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Clinical Outcomes of Warfarin Initiation in Advanced Chronic Kidney Disease Patients With Incident Atrial Fibrillation.
Published Web Locationhttps://doi.org/10.1016/j.jacep.2020.06.036
ObjectivesThe aim of this study was to examine the efficacy and safety of warfarin initiation following the diagnosis of atrial fibrillation (AF) in patients with late-stage chronic kidney disease (CKD) who transitioned to dialysis.
BackgroundThe clinical benefit of warfarin therapy for thromboprophylaxis after incident AF diagnosis in patients with late-stage CKD who are transitioning to dialysis is unknown.
MethodsIn this retrospective cohort analysis, the study population was a national cohort of 22,771 U.S. veterans with incident end-stage renal disease who developed incident AF before initiating renal replacement therapy. This study examined the association of warfarin therapy following the diagnosis of incident AF with ischemic cerebrovascular accidents (CVAs) (ischemic stroke or transient ischemic attack), ischemic CVA-related hospitalization, major bleeding events (gastrointestinal or intracranial bleeding), bleeding event-related hospitalizations, and post-dialysis, all-cause mortality in multivariable adjusted Cox regression analyses that adjusted for demographic characteristics and comorbidities.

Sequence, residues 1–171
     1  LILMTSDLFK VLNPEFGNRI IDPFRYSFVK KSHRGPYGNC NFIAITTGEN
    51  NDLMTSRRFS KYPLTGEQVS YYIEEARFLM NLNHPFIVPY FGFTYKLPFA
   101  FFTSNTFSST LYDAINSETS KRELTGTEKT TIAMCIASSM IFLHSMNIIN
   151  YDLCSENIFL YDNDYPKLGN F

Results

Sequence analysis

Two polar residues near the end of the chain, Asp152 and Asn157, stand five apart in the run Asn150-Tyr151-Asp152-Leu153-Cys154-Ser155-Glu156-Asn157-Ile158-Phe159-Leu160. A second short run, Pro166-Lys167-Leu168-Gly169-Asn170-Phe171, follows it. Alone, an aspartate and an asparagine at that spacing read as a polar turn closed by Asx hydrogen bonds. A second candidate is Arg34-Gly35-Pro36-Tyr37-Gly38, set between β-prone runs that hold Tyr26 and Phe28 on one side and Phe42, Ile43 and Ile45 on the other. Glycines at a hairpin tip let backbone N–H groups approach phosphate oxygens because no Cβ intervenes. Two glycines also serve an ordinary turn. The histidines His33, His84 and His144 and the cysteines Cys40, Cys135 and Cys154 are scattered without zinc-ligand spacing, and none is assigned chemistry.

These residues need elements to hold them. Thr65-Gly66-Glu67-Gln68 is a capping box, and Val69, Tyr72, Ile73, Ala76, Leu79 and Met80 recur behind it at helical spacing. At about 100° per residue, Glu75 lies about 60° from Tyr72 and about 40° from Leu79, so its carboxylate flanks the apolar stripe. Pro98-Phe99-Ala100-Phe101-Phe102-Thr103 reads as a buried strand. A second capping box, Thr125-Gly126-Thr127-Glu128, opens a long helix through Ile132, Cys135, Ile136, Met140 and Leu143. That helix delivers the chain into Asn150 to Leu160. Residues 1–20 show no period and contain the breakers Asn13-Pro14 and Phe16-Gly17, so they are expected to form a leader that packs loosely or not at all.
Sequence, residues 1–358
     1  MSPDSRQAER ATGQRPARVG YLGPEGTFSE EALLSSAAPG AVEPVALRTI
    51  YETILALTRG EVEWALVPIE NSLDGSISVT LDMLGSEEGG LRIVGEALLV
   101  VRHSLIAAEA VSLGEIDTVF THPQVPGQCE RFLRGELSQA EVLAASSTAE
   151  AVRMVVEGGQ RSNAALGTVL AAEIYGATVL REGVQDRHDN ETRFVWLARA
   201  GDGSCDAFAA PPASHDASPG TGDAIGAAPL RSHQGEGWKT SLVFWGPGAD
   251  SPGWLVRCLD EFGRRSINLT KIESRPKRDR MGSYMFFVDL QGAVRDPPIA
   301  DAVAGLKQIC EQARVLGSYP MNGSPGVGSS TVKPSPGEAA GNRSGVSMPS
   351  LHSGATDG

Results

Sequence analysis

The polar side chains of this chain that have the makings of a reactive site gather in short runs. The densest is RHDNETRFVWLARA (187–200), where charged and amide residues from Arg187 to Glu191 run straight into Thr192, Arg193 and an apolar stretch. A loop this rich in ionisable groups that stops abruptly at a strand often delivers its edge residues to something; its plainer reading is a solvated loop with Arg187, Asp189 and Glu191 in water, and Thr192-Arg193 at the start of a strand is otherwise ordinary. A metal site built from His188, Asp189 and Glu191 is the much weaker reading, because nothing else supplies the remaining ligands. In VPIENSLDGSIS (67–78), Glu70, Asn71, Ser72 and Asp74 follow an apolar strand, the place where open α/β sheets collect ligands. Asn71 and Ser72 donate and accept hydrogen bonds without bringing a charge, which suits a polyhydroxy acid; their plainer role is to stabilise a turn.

ResultsThe mean ± SD age of the cohort was 73.5 ± 8.8 years, 13% were African American, and the mean CHA2DS2-VASc score was 5.7 ± 2.1. Of the overall cohort, 6,682 (29.3%) patients were started on warfarin during the follow-up period. The hazard ratios (95% confidence intervals) for ischemic CVA, bleeding events, and death for those started on warfarin were 1.23 (1.16 to 1.30), 1.36 (1.29 to 1.44), and 0.94 (0.90 to 0.97), respectively, compared with those who received no anticoagulation. Warfarin exposure was associated with higher risk for ischemic CVA and bleeding event-related hospitalizations.
ConclusionsIn patients with late-stage CKD who transitioned to dialysis, warfarin use was associated with higher risk of ischemic and bleeding events but a lower risk of mortality. Future studies such as those comparing warfarin with newer oral anticoagulant agents are needed to granularly define the net clinical benefit of anticoagulation therapy in patients with advanced CKD with incident AF.
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